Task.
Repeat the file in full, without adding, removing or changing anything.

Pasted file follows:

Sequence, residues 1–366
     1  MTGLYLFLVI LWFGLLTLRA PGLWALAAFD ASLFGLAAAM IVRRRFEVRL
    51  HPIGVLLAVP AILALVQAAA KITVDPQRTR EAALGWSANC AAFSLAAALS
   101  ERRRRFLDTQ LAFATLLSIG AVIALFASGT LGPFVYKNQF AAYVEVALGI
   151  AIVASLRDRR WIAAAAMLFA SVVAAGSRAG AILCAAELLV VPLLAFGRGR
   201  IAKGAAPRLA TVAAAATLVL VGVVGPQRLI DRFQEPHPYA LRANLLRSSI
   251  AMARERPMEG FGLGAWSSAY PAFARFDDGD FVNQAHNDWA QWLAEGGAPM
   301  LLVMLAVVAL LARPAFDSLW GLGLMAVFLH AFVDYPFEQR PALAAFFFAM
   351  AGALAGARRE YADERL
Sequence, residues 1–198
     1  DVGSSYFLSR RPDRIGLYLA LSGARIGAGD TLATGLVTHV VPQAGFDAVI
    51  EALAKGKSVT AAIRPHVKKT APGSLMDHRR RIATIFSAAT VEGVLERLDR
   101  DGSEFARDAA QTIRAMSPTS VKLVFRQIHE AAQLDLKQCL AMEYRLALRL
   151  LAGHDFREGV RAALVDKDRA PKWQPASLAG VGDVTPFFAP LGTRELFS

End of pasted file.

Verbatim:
Sequence, residues 1–366
     1  MTGLYLFLVI LWFGLLTLRA PGLWALAAFD ASLFGLAAAM IVRRRFEVRL
    51  HPIGVLLAVP AILALVQAAA KITVDPQRTR EAALGWSANC AAFSLAAALS
   101  ERRRRFLDTQ LAFATLLSIG AVIALFASGT LGPFVYKNQF AAYVEVALGI
   151  AIVASLRDRR WIAAAAMLFA SVVAAGSRAG AILCAAELLV VPLLAFGRGR
   201  IAKGAAPRLA TVAAAATLVL VGVVGPQRLI DRFQEPHPYA LRANLLRSSI
   251  AMARERPMEG FGLGAWSSAY PAFARFDDGD FVNQAHNDWA QWLAEGGAPM
   301  LLVMLAVVAL LARPAFDSLW GLGLMAVFLH AFVDYPFEQR PALAAFFFAM
   351  AGALAGARRE YADERL
Sequence, residues 1–198
     1  DVGSSYFLSR RPDRIGLYLA LSGARIGAGD TLATGLVTHV VPQAGFDAVI
    51  EALAKGKSVT AAIRPHVKKT APGSLMDHRR RIATIFSAAT VEGVLERLDR
   101  DGSEFARDAA QTIRAMSPTS VKLVFRQIHE AAQLDLKQCL AMEYRLALRL
   151  LAGHDFREGV RAALVDKDRA PKWQPASLAG VGDVTPFFAP LGTRELFS